30 Mar 2017
The final report of the three-year MARTHA project, funded by the TK Foundation, was presented to delegates at the International Maritime Organisation (IMO) at the beginning of the HTW Sub-Committee meeting in January 2017.
It was a highly appropriate venue and time for the launch of this new study into the long-term fatigue of seafarers, as delegates were there to discuss, among other subjects, the revision of the IMO fatigue guidelines.
The study found that Captains suffer from fatigue and stress more than their crews; fatigue can result in long term physical and mental health issues; motivation decreases over the length of the voyage; and night watch keepers get significantly less total sleep than others on board. Analysis of the large data set is providing new insights into the psychological wellbeing of seafarers after long periods on board – including the finding that individual mood and social cohesion on board start to suffer after six months on board.
MARTHA has been co-ordinated by researchers at Warsash Maritime Academy, part of Southampton Solent University and partners from Sweden, Denmark, China and the UK.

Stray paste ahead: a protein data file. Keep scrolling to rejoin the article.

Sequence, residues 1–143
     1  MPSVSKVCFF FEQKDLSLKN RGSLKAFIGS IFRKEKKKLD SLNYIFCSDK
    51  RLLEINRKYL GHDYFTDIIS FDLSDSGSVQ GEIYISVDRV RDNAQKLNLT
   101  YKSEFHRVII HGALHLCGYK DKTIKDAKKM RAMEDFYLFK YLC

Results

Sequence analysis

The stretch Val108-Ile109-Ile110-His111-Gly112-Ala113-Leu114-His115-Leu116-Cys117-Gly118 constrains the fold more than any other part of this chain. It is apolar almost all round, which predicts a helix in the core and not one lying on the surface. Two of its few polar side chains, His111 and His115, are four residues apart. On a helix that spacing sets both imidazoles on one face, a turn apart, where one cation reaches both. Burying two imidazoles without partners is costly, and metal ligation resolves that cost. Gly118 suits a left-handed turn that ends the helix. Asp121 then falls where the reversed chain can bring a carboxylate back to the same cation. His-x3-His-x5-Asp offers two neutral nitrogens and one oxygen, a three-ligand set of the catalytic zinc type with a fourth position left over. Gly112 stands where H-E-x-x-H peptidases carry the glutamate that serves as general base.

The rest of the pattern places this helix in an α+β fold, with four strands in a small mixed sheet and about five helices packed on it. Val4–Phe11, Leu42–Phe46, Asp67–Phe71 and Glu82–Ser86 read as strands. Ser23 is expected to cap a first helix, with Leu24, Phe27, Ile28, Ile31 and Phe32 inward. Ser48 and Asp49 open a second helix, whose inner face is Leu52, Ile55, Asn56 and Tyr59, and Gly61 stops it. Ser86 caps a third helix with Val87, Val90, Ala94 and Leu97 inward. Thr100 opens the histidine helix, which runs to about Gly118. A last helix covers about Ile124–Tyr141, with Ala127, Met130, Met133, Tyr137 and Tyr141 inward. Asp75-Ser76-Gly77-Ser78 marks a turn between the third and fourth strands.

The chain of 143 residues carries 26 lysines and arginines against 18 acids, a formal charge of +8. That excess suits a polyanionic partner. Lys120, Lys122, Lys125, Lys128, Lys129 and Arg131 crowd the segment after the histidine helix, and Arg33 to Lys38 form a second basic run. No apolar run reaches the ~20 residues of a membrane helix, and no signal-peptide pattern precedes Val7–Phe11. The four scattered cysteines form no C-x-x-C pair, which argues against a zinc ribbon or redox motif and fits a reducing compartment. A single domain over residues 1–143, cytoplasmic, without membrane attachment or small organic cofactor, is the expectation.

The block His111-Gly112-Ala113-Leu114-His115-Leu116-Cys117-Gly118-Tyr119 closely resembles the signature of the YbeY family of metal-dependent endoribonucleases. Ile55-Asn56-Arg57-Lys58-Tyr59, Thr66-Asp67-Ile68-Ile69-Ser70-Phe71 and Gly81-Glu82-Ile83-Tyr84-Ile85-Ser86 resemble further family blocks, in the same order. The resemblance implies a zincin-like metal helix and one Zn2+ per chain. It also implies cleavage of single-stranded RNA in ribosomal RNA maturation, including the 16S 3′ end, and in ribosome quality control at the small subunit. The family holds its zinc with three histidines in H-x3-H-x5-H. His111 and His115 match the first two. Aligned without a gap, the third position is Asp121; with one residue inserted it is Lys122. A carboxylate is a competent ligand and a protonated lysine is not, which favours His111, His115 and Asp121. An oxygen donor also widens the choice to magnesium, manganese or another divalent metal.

The $1m project gathered a large database of new information from 1,000 seafarers, and carried out a field study of over 100 seafarers working at sea worldwide. The study collected data on their fatigue levels, sleep patterns and psychological wellbeing.
Of particular importance was the use of Actiwatches for extended periods, which volunteers wore to register their periods of activity and sleep. Claire Pekcan, Professor of Maritime Applied Psychology at Warsash, who worked on the actigraphy analysis with Dr Anne Hillstrom of the University of Southampton, says: “The actigraphy analysis has been particularly interesting and demonstrates how the overall amount of sleep decreases over time on board, and how the quality of sleep, as measured through disturbances to sleep, increases the longer crew are on board.”
Other important issues include the differences in perception of fatigue between seafarers managed by European companies and Chinese owned companies; and the effects of port visits on workload and fatigue.
Captain Kuba Szymanski, Secretary General of InterManager, who is responsible for the dissemination of the findings to the shipping industry, says: “A series of workshop events for managers and seafarers world-wide have been conducted in locations like Singapore and Manila and more are planned for 2017. The outcomes of these workshops are included in the final report, which provides both useful guidance for companies wishing to improve their understanding of fatigue, as well as a blueprint for resolving issues.”
Speaking about the future impact of the study, Emeritus Professor Mike Barnett said: “The shipping industry has been following MARTHA’s progress with interest, as the momentum for revising the guidance on fatigue has grown at the International Maritime Organization. Of particular interest for future research are our findings on individual mood, team working and social cohesion, all of which appear to deteriorate after about six months on board.”